NBA commissioner David Stern used Internet, television to make NBA matter.
By SAM AMICO FS Ohio
INDEPENDENCE, Ohio — My first interaction with David Stern took place long before I covered the NBA.
But it may be the best example of what I always felt was an underrated aspect of Stern's run as NBA commissioner. It's a run slated to end Feb. 1, 2014, per the league's announcement Thursday from the Board of Governors meeting.
Anyway, I was living near the non-NBA city of Pittsburgh. It was at a time when you had to use your phone line to access the Internet. Email was a relatively new concept.
I often wondered if Pittsburgh might someday field an NBA team, so I decided to give all this new technology stuff a try. I decided to send Stern an email — as nothing more than an everyday fan.
He responded within the hour. I don't remember his exact words, but as always, they were PR-savvy. Stern indicated there was, in fact, a group of interested investors from Pittsburgh. But it was a longshot, simply because the league had no plans for expansion at the time.
All of that is beside the point. (Especially since our pals in Pittsburgh still don't have a team.)
What impressed me more about Stern, particularly as I went from fan to writer, was how much he used these new gadgets to publicize his league. Under Stern, and I would say because of him, the NBA stayed at the forefront of the changing times, particularly when it came to the changes in dispersing and collecting information.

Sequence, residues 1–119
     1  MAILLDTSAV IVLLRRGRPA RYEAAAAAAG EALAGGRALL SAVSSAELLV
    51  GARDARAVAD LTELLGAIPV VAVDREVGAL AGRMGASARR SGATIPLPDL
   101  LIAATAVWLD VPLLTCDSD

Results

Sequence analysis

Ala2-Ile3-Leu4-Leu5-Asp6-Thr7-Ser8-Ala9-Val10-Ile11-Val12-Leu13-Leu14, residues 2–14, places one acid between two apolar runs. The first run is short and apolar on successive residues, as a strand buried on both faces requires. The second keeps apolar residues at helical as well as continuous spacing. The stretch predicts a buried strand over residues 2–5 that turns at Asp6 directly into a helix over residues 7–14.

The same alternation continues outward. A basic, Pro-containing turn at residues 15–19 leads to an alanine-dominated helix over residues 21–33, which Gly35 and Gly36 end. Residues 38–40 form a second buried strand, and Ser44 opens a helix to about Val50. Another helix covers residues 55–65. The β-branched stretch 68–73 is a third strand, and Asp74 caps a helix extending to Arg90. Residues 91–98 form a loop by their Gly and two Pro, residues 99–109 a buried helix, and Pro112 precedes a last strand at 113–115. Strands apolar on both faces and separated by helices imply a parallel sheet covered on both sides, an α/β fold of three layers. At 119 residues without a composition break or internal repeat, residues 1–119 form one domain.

When the Internet gained steam in the late 1990s, Stern and his accomplices not only built NBA.com, but added a relatively new feature called a webcast. It was known as NBA.com TV.
Shortly thereafter, or March 1999 to be exact, Stern and the NBA launched the first league-owned cable channel in North America. It may not seem like it today but that, my friends, was innovation.
Then the social networks took flight, and the NBA quickly hopped on the bandwagon. Not only could you receive information from the league's official website, you could now be friends with the NBA on MySpace, watch videos on its official YouTube channel and “like” its official Facebook page.
Granted, these concepts weren't invented by Stern. He just seemed to realize their significance before commissioners in other sports did. You also got the sense Stern really enjoyed using this type of technology himself. Somewhat fascinating, when you consider cable TV still was in its youth when Stern took office in 1984. As for the Internet, no one could have even dreamed it up back then.
Not long ago, I read a story about Stern's early years as commissioner. It told of a time when he walked the streets of New York and saw fans sporting jerseys of athletes in other leagues, such as the NFL and Major League Baseball.
Stern longed for similar awareness involving the NBA. He made it a priority to get it. Not long after, he walked the streets and proudly saw T-shirts adorning logos that advertised the Celtics and Lakers and Bulls, oh my.
Sizzle in sports, it seems, is half the battle. Stern has always understood that. Eventually, he flourished by selling it.
And a simple email about the possibility of basketball in a non-NBA city provided one small, but shining, example.